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Jerry Kohlberg: Banking on a Moral Identity

Guest post by Ann B. Graham

 

-Jerry Kohlberg, image courtesy of Swathmore College

On July 30, 2015 Jerome Kohlberg, Jr., one of Wall Street’s most successful financiers and outspoken advocate for ethics in business, passed away.

Jerry Kohlberg amassed one of Wall Street’s largest fortunes after co-founding Kohlberg, Kravis and Roberts (KKR) in 1976, with Henry Kravis and George Roberts, his two younger cousins and protégés. But it was his consistent emphasis on ethics as a force for good, along with his warnings of the potential evils outsized wealth can tender, that we will remember most.

Journalist George Anders, who met with Kohlberg multiple times while researching “Merchants of Debt,” his book about KKR’s rise and impact, recalls “His favorite conversation themes tended to involve noble abstractions like ‘honor’ and ‘integrity.’”

In 1987, he split with his partners over philosophical and business differences to form his own firm, Kohlberg & Co.

Peter Kunhardt, friend and oral biographer, recalls Kohlberg’s final address to 120 KKR investors in New York City, in which he expressed his contempt for the “overpowering greed that pervades our business life” and concluding that “We must all insist on ethical behavior or we will kill the golden goose,” a statement quoted in many remembrances of his life including (Bloomberg, The New York Times and his local newspaper, The Vineyard Gazette, which he bought in 2010 to ensure it would have the capital to survive.)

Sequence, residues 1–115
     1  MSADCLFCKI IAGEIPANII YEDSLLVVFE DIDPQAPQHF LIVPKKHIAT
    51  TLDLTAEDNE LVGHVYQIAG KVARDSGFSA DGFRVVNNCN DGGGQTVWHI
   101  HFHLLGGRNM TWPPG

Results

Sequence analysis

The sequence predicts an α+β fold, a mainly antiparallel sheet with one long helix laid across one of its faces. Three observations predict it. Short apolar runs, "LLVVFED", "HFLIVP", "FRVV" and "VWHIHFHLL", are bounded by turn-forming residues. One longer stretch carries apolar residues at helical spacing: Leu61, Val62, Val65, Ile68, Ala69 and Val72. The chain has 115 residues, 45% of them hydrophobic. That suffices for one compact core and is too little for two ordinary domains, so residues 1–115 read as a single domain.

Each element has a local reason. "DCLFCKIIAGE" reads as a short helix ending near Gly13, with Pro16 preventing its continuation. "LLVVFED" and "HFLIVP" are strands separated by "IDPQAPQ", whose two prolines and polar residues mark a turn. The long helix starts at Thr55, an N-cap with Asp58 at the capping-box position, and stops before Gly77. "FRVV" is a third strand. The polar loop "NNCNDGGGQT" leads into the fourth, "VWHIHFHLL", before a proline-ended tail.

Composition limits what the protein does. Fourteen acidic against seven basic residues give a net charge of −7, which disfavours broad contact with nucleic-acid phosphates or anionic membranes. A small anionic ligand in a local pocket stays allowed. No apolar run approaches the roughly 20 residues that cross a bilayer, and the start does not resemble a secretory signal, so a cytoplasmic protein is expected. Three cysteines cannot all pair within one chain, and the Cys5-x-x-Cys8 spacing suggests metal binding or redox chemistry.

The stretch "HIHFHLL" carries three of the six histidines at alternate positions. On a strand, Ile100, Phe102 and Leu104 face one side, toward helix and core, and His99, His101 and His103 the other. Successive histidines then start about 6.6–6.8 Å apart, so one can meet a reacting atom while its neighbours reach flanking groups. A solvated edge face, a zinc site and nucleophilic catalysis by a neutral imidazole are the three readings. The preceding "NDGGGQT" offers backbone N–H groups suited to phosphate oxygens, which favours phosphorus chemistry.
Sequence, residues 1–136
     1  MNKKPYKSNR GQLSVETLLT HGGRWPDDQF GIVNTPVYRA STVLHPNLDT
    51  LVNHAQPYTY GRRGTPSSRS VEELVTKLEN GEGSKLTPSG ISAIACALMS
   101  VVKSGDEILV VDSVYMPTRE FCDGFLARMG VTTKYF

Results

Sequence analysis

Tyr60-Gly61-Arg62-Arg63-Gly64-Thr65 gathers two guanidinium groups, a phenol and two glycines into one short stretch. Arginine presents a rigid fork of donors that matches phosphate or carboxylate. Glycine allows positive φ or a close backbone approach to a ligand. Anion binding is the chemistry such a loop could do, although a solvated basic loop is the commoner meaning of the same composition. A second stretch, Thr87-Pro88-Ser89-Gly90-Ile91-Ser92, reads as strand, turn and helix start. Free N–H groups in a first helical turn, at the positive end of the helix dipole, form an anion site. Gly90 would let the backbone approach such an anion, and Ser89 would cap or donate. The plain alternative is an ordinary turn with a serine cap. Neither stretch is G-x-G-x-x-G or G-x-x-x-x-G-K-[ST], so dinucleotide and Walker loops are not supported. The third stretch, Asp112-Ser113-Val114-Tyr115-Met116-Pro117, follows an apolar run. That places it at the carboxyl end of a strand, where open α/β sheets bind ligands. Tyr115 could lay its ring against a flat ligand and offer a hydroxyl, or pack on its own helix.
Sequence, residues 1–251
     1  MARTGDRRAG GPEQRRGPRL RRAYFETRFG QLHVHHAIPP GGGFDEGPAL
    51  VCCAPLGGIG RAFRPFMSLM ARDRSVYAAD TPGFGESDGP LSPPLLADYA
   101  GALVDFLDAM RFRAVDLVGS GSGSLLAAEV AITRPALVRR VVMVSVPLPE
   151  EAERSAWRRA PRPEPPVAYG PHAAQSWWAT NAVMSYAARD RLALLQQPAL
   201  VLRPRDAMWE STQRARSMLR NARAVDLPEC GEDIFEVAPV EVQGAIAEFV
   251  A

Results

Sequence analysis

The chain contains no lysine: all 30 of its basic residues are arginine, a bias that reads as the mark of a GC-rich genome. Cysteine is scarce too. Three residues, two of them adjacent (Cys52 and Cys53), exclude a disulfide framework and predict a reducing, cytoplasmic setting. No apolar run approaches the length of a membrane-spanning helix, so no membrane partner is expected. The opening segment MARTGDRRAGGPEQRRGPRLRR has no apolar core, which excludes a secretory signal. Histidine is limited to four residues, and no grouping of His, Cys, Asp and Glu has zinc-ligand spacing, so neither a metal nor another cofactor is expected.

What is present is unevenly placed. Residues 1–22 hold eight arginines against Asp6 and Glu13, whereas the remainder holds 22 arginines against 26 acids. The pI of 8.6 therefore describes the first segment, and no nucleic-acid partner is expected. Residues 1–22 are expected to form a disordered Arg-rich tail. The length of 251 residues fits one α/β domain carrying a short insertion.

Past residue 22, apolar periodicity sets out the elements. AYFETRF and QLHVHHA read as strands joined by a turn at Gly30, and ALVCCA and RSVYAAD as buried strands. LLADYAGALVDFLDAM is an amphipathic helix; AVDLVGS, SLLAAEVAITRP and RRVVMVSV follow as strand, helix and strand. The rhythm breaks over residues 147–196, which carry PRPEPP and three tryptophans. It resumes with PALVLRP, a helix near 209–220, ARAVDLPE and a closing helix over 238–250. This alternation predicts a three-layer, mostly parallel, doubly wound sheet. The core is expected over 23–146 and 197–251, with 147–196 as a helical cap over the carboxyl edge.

Kohlberg made those remarks primarily because of his strong belief that the risk and aggressiveness of blockbuster, hostile takeovers such as the one depicted in “Barbarian’s at the Gate: The Fall of RJR Nabisco” were bad for businesses and for the economy.

Research on ethical leadership shows that it is, perhaps, the most important lever in designing ethical systems. When an ethical leader models ethical decisions and behaviors, followers can be expected to do the same. The morality of hostile takeovers remains a widely debated topic, but there is also evidence that over time his mentee’s heard his other parting words,  “I’ll stick with deals where reason still prevails.” KKR never did another hostile takeover and over the years has tempered its appetite for risk.  

Many argue more leaders like Kohlberg are needed in the capital markets professions. New psychology scholarship on the relationship between power, behavior and “moral Identity” might offer some insight.  Moral identity is associated with nine behavioral traits for which Kolhberg is remembered: Caring, compassionate, fair, friendly, generous, helpful, honest and kind). This 2012 study on power and self-interested behavior from the Journal of Applied Psychology concluded “self-interested behavior is a result of those with a lower moral identity being less aware of the moral implications of their behavior," not necessarily because they are bad people.

Kohlberg’s philosophies, both around investment and individual’s behavior in business, will live on as examples of good ethics and good sense in action. His legacy is one that companies and business leaders would do well to reference and emulate if we are to truly advance ethics as a mechanism for strengthening the capital markets system’s role in supporting business productivity and innovation, and a healthy economy and society.


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